ROME — Among the great ironies of the Pope Francis papacy is that as the Cardinal of Buenos Aires, Jorge Mario Bergoglio was infamous for rarely giving interviews and, in general, avoiding contact with the press as much as humanly possible. Once, when he was compelled to accept a brief ride home from a reporter after an event because public transportation had broken down, he ruefully congratulated the reporter for having penetrated his usual defenses. 

Yet as pope, Francis sometimes seems to operate on the “interview a week” plan, often making waves and raising eyebrows in his exchanges with reporters. His most recent outing came on April 23 in a conversation with the Argentine paper La Nación.

One interesting item concerned Archbishop Georg Gänswein, the longtime priest secretary to Pope Benedict XVI, who’s achieved notoriety of late for the frank manner in which Gänswein discussed contrasts between the two popes in a series of media interviews and in a new book after Benedict’s death.

Not long ago, rumors had Gänswein set to be sent packing as a papal envoy to Costa Rica. In fact, Francis told Argentine journalist Joaquín Morales Solá that he’s left the choice of whether to stay in Italy or return to Germany to Gänswein, but in any event he’ll have to leave the Vatican.

The public manner in which Gänswein’s exile is being prepared has left some observers nonplussed; the widely read blog Il Sismografo (“The Seismograph”) asked why Francis appears determined to put Gänswein to pasture at the age of 66, rather than giving him a new pastoral assignment.

To be clear, papal secretaries have always been dispatched away from Rome after the pope they served died; what’s different in this case is that little effort is being made to put a polite face on things, which may suggest that Francis’ patience with perceived critics has run a bit thin.

Two other items from the La Nación interview suggest more directly that Francis may be a pontiff who, more and more, hears time’s winged chariot hurrying near.

First, Francis issued another strong defense of his predecessor St. Pope John Paul II, calling him “a saint in life and now formally a saint after his death. … No one can honestly doubt the decency of Pope Wojtyla.”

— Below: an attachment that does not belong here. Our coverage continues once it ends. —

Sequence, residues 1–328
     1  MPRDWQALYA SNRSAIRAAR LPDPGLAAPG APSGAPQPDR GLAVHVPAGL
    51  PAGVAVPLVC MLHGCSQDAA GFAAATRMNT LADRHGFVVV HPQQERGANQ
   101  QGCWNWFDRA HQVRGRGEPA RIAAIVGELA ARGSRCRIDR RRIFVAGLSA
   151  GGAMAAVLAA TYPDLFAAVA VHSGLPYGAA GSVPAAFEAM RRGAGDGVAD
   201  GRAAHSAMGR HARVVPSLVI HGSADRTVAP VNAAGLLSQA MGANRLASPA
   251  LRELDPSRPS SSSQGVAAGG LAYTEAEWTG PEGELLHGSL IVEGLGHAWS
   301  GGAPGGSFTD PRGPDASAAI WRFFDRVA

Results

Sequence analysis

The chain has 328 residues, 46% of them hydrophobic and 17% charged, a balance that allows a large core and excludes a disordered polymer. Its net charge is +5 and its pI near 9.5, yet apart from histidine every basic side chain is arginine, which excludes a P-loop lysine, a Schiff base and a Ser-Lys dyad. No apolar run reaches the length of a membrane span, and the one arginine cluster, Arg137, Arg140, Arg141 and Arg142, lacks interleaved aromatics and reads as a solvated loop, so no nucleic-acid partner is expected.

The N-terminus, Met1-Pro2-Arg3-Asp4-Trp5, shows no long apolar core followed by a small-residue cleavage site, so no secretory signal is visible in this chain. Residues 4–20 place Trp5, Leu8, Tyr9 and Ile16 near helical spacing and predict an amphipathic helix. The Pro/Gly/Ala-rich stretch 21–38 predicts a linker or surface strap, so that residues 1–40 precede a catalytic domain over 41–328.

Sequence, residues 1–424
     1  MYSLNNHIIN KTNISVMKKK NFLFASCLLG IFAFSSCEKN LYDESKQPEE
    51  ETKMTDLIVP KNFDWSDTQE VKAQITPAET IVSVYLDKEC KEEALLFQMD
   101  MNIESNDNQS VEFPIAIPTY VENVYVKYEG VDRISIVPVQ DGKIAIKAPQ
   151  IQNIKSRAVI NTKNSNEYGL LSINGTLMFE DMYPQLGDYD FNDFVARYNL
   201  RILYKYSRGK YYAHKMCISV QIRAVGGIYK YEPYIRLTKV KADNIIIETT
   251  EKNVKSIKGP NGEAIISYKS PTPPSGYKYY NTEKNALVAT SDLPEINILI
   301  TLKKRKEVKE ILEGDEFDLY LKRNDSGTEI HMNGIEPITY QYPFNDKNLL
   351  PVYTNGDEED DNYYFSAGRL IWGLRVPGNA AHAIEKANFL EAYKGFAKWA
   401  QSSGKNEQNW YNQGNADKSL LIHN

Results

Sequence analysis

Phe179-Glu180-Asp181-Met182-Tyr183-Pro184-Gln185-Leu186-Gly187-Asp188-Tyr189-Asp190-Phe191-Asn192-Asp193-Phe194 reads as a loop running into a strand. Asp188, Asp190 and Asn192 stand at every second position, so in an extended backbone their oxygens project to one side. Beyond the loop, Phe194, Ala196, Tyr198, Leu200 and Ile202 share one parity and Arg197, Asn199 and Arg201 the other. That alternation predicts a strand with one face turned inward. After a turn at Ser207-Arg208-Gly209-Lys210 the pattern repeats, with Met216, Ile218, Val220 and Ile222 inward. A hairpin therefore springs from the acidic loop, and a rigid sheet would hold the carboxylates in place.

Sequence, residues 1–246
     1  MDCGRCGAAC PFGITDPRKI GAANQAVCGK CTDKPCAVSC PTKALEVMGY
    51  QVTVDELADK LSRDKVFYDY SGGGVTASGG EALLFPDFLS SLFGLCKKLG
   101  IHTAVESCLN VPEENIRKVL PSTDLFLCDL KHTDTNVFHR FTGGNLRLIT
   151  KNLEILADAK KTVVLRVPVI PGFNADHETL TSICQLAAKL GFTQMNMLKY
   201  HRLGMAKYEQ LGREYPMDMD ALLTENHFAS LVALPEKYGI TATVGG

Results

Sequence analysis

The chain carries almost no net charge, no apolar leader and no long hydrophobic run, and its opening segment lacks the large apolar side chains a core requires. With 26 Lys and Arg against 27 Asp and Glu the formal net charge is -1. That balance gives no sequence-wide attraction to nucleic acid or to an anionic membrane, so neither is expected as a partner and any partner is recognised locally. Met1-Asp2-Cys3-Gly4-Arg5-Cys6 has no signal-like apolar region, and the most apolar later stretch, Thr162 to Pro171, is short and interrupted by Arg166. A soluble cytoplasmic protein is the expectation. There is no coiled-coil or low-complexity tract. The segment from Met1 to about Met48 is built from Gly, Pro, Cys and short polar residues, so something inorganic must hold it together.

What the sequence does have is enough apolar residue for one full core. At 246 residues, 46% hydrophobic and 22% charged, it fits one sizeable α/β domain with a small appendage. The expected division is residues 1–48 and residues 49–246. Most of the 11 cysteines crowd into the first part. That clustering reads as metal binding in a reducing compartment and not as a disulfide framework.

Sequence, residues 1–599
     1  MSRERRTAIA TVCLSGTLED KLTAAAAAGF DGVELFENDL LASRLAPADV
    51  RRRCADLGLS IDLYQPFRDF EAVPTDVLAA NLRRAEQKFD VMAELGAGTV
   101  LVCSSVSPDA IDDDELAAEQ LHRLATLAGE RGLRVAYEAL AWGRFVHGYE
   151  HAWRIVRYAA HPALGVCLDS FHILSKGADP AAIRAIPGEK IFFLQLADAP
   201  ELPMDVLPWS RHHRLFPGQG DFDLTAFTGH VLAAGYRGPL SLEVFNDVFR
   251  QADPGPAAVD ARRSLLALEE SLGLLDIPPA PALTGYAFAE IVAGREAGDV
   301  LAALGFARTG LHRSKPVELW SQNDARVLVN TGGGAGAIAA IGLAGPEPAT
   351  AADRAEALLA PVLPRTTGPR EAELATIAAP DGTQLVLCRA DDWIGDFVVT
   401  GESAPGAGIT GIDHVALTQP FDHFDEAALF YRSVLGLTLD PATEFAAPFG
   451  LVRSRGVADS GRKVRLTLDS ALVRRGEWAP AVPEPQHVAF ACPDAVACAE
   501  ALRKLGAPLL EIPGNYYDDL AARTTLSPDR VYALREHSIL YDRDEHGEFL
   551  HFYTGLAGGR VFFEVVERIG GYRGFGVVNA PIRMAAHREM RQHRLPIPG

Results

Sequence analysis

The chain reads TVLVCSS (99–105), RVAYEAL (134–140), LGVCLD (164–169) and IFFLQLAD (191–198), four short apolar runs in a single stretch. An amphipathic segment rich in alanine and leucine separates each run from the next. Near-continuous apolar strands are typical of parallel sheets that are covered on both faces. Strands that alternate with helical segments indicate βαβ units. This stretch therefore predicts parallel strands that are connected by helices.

The language on John Paul came in the wake of a contretemps related to the opening of an investigation into the 1983 disappearance of Emanuela Orlandi, the 15-year-old daughter of a minor employee in the Prefecture of the Papal Household that’s become the Vatican’s most notorious unsolved mystery.

Recently the brother of the missing girl, Pietro Orlandi, revealed an audio recording of a Roman mobster who claimed that John Paul had connived in a pedophile ring inside the Vatican, and that Orlandi, along with other young girls, may have been killed to cover it up.

During his Regina Coeli address last Sunday, Francis referred to those allegations as “offensive and unfounded.” At the same time, Francis and his top aides have signaled that the investigation will go forward.

In that context, one way to interpret his comments to La Nación is as a warning to Orlandi and the other protagonists: We’re going to take you seriously, but we’re not going to allow you to weaponize the memory of a former pope.

While that would be a classic Vatican impulse under any circumstances, it may be especially understandable for Francis, who’s now the oldest reigning pontiff in the last 120 years, and who just survived a serious health scare — serious enough that, in a recent conversation with an Italian friend, Francis said that if he’d arrived at Rome’s Gemelli Hospital much later, he might not have made it.

In that context, Francis may be especially sensitive right now to have a pope’s memory be distorted, especially once he’s no longer around to defend himself.

Finally, Francis used the La Nación interview to announce that he’s planning a trip home to Argentina next year. It would be his first homecoming since his election in March 2013.

Francis originally committed to traveling to Argentina in 2017 as part of a package deal with Chile and Uruguay. In the end Francis went only to Chile and Peru, leaving some to wonder if he ever actually intended to go home, or if he simply enjoys keeping his countrymen guessing.

Famously, Francis is reluctant to be drawn into Argentinian politics, and has avoided a homecoming for fear that it could be exploited by one faction or another in the country’s internal debates. Next year theoretically could offer a good window, since there are no elections set for 2024.

However, there have been other moments during the last decade when Francis theoretically could have gone home without being drawn into an election cycle. Perhaps what’s changed now is simply a great sense that time is limited, especially in terms of how long the pontiff will possess the physical and emotional capacity to make an intercontinental voyage.

To be clear, each of the points in the La Nación interview easily could have been made by a younger Francis, one free of any ailments and simply speaking his mind. Yet seen through the lens of age and health, each point also seems to make more sense, suggesting another optic for understanding how the balance of this remarkable papacy may unfold.